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BANKING

Swedish bank bans sneakers

A manager at Swedish bank Handelsbanken has demanded "proper attire" from his staff, enforcing a total ban on sneakers even on "casual Friday", according to a report from the Realtid.se website.

Swedish bank bans sneakers

In a mail sent to staff, Per Elcar, head of a division of Handelsbanken Capital Markets, referred to the end of the summer and explained his decision to enforce a stricter dress code.

“We all have different ways to keep us alert mentally… but to create a base level and to develop a common value system we have decided to have rules for how we dress at work,” Per Elcar wrote in his mail, published in full on Realtid.se.

Elcar underlined that the division “works in a competitive environment” and identified sneakers as the item of clothing which should stay out of the office at all times, even on “casual Fridays”.

Elcar confirmed to Realtid.se that he had sent the mail.

“I think it comes across clearly that you should have decent clothes,” he said.

Elcar continued to develop his idea of what constitutes “decent clothing” by ruling out jeans and calling for a shirt, “or something similar for women, a pair of nice trousers and a pair of shoes which suit”.

These rules are to be enforced immediately and would apply on Monday to Thursday, with some relaxation of the dress code on Friday.

“On Fridays it is a question of nice jeans and a polo shirt is okay, but keep it neat. Sneakers you can leave at home even on Fridays,” he advised.

When asked by Realtid.se how he dressed on “casual Fridays”, the 49-year-old from Täby replied:

“I always have the same thing on me: suit, shirt and tie.”

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BREXIT

Brits in EU risk losing UK bank accounts ‘within weeks’

Some of Britain's biggest banks have begun contacting customers in European Union countries, warning them that their accounts will be closed down within weeks because the cost and complexity of operating without a continuation of pan-European banking rules is too much.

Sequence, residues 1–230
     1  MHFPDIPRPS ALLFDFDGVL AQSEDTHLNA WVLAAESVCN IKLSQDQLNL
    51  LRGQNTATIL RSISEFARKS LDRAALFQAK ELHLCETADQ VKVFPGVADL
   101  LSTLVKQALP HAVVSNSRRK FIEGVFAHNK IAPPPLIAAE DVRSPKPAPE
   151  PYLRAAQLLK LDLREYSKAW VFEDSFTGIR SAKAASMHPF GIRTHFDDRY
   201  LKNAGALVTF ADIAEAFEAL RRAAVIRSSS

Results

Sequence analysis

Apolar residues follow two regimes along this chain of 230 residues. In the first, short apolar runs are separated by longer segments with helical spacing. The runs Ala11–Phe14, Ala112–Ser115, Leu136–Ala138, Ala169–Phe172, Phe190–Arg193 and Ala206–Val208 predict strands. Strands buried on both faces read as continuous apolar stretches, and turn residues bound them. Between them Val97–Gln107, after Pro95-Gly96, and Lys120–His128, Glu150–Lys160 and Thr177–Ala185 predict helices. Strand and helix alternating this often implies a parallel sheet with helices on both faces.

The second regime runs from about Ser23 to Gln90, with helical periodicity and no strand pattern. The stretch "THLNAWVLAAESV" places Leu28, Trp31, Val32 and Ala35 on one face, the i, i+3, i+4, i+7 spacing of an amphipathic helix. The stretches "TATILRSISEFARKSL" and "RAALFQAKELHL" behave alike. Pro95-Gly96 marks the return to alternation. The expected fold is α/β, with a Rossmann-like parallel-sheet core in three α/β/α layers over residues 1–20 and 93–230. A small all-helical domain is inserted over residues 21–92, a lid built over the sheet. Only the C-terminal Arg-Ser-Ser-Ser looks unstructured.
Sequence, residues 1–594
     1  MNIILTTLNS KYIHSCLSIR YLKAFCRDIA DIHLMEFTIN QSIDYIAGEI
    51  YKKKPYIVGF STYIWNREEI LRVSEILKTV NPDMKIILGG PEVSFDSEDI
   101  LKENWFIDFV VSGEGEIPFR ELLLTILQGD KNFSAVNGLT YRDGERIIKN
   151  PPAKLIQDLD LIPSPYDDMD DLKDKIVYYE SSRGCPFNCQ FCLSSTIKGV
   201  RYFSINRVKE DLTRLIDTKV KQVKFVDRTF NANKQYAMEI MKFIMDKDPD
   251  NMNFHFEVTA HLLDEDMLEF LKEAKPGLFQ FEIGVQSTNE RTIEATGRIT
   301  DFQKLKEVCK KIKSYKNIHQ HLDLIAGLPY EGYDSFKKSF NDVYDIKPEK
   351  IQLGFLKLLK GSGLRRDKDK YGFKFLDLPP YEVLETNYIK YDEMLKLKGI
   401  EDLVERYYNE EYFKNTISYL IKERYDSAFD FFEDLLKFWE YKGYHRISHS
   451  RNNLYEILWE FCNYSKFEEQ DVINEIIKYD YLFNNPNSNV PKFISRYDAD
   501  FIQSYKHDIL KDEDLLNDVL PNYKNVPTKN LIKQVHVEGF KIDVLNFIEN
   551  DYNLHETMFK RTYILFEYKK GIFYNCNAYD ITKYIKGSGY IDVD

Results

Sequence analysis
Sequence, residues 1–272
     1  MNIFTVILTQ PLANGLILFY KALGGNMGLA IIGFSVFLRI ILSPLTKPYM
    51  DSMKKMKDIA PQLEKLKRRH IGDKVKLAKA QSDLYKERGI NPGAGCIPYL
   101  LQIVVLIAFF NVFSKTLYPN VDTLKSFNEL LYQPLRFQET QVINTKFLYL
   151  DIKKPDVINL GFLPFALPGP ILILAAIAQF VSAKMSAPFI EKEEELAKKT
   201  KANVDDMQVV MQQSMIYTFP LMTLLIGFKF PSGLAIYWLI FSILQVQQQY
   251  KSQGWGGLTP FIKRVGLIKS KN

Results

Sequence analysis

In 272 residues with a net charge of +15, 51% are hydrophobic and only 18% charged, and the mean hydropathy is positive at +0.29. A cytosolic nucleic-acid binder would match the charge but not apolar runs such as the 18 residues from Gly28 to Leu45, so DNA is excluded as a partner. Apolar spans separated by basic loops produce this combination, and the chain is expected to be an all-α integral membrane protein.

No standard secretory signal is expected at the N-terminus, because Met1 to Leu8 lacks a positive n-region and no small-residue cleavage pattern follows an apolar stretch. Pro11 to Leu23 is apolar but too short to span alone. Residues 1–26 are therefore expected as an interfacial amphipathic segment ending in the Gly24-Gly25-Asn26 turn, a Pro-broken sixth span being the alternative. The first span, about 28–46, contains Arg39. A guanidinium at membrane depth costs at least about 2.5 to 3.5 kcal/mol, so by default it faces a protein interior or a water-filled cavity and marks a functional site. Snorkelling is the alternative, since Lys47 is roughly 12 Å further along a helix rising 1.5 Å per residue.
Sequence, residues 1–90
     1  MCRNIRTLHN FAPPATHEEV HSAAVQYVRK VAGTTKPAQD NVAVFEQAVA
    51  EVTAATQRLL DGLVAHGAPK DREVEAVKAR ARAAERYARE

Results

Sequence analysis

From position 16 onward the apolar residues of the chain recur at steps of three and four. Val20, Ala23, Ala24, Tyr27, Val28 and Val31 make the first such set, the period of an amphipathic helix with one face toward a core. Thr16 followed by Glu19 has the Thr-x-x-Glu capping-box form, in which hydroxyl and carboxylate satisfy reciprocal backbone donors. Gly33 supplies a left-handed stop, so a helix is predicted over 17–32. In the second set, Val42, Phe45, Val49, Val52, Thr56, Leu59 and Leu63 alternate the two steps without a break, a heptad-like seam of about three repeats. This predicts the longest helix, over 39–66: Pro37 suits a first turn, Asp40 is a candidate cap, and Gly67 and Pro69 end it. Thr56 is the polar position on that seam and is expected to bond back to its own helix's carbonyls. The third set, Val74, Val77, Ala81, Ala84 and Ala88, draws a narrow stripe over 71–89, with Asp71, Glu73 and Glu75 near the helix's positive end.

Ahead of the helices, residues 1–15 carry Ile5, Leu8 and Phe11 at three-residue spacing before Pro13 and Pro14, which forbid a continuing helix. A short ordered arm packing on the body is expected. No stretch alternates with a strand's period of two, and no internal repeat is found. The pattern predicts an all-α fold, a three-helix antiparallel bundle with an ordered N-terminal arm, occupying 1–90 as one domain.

Brits in EU risk losing UK bank accounts 'within weeks'
Lloyds Bank expects to close at least 13,000 accounts. Photo: Lloyds Bank
According to a report in The Times, thousands of Britons who live in Europe face being stripped of their UK bank accounts and credit cards, because of the UK government's failure to agree rules for operating after Brexit. 
 
Each of the EU's 27 member states has different rules for cross-border bank accounts which will start to apply immediately the UK's transition period ends on 31st December 2020. 
 
“In some cases, continuing to serve customers would be incredibly complex, extremely expensive and very time-consuming, and simply would not make economic sense,” a source at one British bank told the newspaper. “This is passporting — this is the reality of Brexit.”
 
 
If a way is not found to continue pan-European banking rules, or passporting, UK banks will br breaking the law if they don't apply for new banking licenses in each European Union Country. 
 
 
Lloyds, Britain’s biggest banking group, began writing to customers in August, warning them that their bank accounts would  close down on December 31.
 
The bank estimates that 13,000 customers, including those based in Holland, Slovakia, Germany, Ireland, Italy and Portugal, would lose their accounts. 
 
“If customers have regular deposits into, or payments out of, their account, they will need to make other arrangements before their account is closed,” the bank said. 
 
Barclays and Coutts have also started contacting customers. 
 
“In light of the UK leaving the EU at the end of 2020, we continue to review the services we offer to customers within the European Economic Area (EEA), and any impacted customers will be contacted directly,” Barclays said in a statement. “The timings for account closure will depend on the type of product that a customer holds, but we will always give notice to customers.”
 
“In the event that no alternative to the European Economic Area passporting regime for financial services is agreed between the UK and EU, we have taken the difficult decision to withdraw from offering our services to clients who reside in the EEA,” Coutts said. 
 
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